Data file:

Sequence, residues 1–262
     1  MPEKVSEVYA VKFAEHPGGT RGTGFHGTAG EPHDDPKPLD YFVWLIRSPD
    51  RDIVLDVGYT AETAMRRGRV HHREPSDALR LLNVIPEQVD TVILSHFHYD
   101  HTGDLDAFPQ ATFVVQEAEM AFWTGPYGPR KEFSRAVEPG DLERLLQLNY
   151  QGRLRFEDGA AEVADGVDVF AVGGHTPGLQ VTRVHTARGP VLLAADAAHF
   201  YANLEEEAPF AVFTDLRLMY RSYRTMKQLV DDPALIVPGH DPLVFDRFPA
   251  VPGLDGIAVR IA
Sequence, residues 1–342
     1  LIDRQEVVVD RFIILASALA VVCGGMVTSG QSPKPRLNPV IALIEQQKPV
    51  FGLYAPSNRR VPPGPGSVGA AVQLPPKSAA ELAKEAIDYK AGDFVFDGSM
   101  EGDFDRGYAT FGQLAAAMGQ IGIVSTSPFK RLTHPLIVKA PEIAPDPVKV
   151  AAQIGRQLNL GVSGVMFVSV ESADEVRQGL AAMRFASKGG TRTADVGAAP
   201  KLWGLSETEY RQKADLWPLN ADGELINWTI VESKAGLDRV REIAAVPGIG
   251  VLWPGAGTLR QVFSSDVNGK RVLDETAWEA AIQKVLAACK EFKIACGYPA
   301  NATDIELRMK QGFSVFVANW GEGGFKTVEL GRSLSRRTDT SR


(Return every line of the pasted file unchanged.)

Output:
Sequence, residues 1–262
     1  MPEKVSEVYA VKFAEHPGGT RGTGFHGTAG EPHDDPKPLD YFVWLIRSPD
    51  RDIVLDVGYT AETAMRRGRV HHREPSDALR LLNVIPEQVD TVILSHFHYD
   101  HTGDLDAFPQ ATFVVQEAEM AFWTGPYGPR KEFSRAVEPG DLERLLQLNY
   151  QGRLRFEDGA AEVADGVDVF AVGGHTPGLQ VTRVHTARGP VLLAADAAHF
   201  YANLEEEAPF AVFTDLRLMY RSYRTMKQLV DDPALIVPGH DPLVFDRFPA
   251  VPGLDGIAVR IA
Sequence, residues 1–342
     1  LIDRQEVVVD RFIILASALA VVCGGMVTSG QSPKPRLNPV IALIEQQKPV
    51  FGLYAPSNRR VPPGPGSVGA AVQLPPKSAA ELAKEAIDYK AGDFVFDGSM
   101  EGDFDRGYAT FGQLAAAMGQ IGIVSTSPFK RLTHPLIVKA PEIAPDPVKV
   151  AAQIGRQLNL GVSGVMFVSV ESADEVRQGL AAMRFASKGG TRTADVGAAP
   201  KLWGLSETEY RQKADLWPLN ADGELINWTI VESKAGLDRV REIAAVPGIG
   251  VLWPGAGTLR QVFSSDVNGK RVLDETAWEA AIQKVLAACK EFKIACGYPA
   301  NATDIELRMK QGFSVFVANW GEGGFKTVEL GRSLSRRTDT SR